Living on the Mediterranean is a breathtaking experience, but its beauty fades slightly when looking at it through beads of sweat. More than just the humidity, it’s the intensity of the sun that makes the afternoons unbearable at times. So even though palm trees line the streets and the water is a clear blue, I am concentrating more often on desperately looking for shade than really admiring my surroundings. Just walking around Torrevieja requires a survival kit before going out (don’t forget to apply sunblock, bring the water bottle to keep hydrated, wear hair up in a ponytail at all times).
It doesn’t help either that air conditioning is a rare commodity due to the high cost of electricity. You’d think that you could escape the heat by going to a restaurant, but the inside is no better than the outside. Even the small side room with the ATM machine isn’t air conditioned, leaving you racing to withdraw the cash to get out of the closed in space that feels more like a sauna than anything else.
Surviving the heat wouldn’t be so bad except that public transportation is also a rare commodity with buses only coming every hour or so and no time table to know exactly when the next bus will pass. This is definitely preferable to a city with no public transportation, but, once again, coming from New York City has conditioned me to expect certain luxuries.
Also, taking the bus was adding up. We had gone to Alicante a couple of times already and each time were paying nearly $30. Restricted by the bus schedule made me feel overall trapped, as just going anywhere became a heated outing.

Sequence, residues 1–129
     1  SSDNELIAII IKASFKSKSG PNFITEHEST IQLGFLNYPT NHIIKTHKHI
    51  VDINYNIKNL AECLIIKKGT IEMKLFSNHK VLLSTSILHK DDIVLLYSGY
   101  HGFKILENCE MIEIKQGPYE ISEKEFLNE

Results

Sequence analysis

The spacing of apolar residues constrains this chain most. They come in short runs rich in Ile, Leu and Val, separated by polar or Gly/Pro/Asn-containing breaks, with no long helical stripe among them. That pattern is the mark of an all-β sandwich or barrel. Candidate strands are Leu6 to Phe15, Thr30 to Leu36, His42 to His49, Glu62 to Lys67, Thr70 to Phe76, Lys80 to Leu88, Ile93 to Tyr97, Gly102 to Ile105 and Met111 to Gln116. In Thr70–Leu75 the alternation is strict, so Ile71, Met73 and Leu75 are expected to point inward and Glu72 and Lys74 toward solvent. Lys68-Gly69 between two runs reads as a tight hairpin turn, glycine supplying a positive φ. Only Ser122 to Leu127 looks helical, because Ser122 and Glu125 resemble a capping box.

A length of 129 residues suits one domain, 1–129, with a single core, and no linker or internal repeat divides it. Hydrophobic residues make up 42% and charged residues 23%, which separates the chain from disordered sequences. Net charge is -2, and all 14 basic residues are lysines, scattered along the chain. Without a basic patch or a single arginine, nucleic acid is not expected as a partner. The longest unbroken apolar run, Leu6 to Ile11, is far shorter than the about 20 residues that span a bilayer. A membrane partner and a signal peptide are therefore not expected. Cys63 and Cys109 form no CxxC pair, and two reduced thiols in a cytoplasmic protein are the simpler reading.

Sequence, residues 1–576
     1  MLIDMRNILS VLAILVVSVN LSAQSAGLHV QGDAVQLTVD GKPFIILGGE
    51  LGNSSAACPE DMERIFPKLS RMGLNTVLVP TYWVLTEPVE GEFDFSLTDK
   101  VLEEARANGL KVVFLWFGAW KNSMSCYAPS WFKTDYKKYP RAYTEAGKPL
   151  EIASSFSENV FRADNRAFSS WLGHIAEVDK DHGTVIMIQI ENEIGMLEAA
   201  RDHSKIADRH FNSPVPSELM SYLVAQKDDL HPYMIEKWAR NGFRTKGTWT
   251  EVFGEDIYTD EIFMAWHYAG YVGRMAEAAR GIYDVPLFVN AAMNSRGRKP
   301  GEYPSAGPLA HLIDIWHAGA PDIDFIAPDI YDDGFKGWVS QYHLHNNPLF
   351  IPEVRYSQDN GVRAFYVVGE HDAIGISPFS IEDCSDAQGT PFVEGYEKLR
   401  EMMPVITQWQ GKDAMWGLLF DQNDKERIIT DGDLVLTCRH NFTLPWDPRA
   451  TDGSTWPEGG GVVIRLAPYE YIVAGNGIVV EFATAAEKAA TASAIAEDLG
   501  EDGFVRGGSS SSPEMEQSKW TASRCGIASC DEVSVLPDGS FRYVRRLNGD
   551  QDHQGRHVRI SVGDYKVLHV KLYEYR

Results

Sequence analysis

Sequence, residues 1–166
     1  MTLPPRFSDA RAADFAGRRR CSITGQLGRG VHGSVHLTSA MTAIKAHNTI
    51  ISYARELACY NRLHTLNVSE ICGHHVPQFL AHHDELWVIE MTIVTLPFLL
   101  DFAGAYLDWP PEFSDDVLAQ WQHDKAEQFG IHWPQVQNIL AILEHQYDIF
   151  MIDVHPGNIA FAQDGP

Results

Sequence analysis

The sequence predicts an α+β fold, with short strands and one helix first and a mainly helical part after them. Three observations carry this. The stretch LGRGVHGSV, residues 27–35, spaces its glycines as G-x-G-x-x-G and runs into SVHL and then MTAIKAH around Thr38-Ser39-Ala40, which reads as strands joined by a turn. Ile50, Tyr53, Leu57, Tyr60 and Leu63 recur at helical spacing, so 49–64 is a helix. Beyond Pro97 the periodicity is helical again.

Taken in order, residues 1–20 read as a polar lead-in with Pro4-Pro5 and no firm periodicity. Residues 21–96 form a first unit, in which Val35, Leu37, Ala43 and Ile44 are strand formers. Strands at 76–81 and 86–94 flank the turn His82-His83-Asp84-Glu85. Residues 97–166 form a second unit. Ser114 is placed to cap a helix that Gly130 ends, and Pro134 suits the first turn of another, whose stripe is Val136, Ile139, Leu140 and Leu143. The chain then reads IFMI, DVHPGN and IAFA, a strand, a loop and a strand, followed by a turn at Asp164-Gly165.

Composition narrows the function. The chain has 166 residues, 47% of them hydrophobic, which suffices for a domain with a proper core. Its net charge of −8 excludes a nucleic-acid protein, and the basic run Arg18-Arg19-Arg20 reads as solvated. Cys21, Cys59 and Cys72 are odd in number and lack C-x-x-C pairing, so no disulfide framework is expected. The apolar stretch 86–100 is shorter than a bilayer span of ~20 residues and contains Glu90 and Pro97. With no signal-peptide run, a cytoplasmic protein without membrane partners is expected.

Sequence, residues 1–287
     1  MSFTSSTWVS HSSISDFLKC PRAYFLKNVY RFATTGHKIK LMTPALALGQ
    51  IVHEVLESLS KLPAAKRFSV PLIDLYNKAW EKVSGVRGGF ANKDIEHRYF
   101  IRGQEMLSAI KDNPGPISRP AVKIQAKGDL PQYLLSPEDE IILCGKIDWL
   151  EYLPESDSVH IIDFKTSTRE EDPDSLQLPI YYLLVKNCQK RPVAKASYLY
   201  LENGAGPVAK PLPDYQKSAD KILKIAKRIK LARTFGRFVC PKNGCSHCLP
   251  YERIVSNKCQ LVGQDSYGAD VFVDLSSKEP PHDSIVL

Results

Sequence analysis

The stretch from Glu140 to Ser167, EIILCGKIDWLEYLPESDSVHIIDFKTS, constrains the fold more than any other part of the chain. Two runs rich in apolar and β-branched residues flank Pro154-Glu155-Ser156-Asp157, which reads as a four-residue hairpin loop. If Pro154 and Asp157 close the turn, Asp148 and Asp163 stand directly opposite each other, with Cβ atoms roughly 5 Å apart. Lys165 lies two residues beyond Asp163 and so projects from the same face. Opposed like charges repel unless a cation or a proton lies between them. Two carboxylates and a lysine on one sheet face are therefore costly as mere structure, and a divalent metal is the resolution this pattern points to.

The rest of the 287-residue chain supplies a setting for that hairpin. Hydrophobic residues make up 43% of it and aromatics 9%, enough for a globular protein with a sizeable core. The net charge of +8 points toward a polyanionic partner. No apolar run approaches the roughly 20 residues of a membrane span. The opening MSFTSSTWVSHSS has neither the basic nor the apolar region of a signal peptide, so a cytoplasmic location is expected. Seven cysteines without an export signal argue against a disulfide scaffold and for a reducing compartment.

Needless to say, it wasn’t long before we started dreaming about buying a scooter. They are everywhere and when you’re on foot and one is racing by, it’s pure torture. Trying to not spend money unnecessarily, I tried to remain strong. We didn’t need one, we could get used to the buses, Torrevieja’s small enough to get pretty much everywhere by foot.
But under the unrelenting heat, my guard started to melt. OK, well maybe we could but we’d need to buy a used one. So our search began… we visited scooter shops and asked about second hand ones. One shop directed us to a beaten up one outside. The body needed major work but supposedly the motor was great. It was owned by a girl named Donna who works at Burger King and who had traded it in for a new one. We called and left a message but got no response. (Ironically, we went to Burger King the next and ended up placing our order with a girl named Donna. David asked if by any chance she was selling a scooter. She said yes and told us that it worked perfectly but was overall pretty apathetic. She didn’t seem too anxious to sell it and we decided that we really weren’t too anxious to buy it.)